There are two passages in Leviticus 18 and 20, which both forbid lying with a “male” as with a woman and describe that as an “abomination.” The word there is a bit slippery, as it’s often translated as “male offspring” in other places (not always, but often). Since it sits in a long list of forbidden incestuous acts in both places, it may well (but not certainly) be about incestuous pedophilia. One way or the other, Christians generally have said that the endless rules and regulations of Torah don’t apply in the New Covenant–except, of course, when we want to apply them. Why do we want so much to apply these rules but not the ones about pork and cheating your customers, also described as “abomination”?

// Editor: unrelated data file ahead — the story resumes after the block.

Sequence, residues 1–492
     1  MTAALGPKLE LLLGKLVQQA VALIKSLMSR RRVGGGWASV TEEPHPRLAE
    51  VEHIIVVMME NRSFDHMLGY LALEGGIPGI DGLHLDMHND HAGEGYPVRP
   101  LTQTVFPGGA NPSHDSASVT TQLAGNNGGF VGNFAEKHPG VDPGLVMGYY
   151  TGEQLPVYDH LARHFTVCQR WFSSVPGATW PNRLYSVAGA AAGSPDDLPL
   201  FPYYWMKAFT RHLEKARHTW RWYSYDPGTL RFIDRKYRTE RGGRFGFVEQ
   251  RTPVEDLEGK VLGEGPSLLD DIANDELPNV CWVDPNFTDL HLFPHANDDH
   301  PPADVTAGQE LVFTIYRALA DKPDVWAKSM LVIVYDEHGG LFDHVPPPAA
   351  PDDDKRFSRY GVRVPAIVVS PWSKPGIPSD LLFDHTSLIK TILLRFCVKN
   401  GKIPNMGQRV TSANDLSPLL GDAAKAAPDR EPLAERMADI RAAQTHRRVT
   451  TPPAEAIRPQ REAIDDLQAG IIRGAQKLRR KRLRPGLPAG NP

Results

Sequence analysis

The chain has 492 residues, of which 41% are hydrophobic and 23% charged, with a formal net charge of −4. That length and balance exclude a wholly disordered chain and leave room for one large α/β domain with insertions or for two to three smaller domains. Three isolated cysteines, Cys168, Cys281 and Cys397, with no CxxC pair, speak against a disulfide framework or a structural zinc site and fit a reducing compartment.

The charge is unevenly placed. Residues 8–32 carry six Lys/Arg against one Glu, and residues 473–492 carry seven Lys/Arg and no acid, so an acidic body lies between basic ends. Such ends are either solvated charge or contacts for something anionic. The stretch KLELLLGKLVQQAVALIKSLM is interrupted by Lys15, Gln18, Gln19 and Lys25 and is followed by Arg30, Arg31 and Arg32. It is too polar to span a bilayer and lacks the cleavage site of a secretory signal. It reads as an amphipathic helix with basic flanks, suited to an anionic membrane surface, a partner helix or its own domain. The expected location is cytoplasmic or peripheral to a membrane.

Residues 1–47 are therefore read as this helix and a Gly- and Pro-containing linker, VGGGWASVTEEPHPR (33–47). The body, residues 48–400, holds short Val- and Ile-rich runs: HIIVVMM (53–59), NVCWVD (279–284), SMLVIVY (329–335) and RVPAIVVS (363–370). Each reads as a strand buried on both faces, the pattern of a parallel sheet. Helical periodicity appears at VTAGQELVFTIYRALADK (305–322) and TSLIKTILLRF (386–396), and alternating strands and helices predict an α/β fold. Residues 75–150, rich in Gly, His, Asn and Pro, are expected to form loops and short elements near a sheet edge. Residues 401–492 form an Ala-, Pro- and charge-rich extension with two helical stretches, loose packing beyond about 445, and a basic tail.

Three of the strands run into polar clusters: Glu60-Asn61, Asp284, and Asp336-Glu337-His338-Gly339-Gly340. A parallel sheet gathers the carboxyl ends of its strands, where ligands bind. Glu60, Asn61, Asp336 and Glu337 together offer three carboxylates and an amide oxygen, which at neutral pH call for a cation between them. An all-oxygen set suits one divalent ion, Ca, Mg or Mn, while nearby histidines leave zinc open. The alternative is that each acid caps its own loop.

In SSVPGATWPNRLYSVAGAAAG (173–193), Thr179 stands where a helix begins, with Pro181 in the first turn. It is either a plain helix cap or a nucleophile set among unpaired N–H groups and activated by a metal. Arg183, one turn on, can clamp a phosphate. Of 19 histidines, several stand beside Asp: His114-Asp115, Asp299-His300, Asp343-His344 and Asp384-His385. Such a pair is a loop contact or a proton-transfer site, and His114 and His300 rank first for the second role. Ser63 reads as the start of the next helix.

The New Testament has a couple of lists of forbidden activities which are translated by some versions as “homosexual offenders.” Those translations are wrong: there is no word in Greek (the New Testament’s original language) that would translate in such a way. Some translations say “sodomite.” They are wrong. There is a Greek word for that, sodomitikos, and it doesn’t appear in the New Testament. The words that are used, malakos and arsenokoites, are best translated as “feminine” and “men-bedders.” I Timothy 1 and I Corinthians 10, if you want to read the passages. Malakos, “feminine,” is a common word in ancient Greek, and yes, it means feminine in an insulting way–but remember, it’s the language of a people who view same-gender relationships as simply part of the normal landscape, not condemned as effeminate. Interestingly, in Plato and Aristotle, the word is used to mean vacillating and unable to endure hardship. Effeminacy means you are blown about by your appetites or the opinion of the crowd.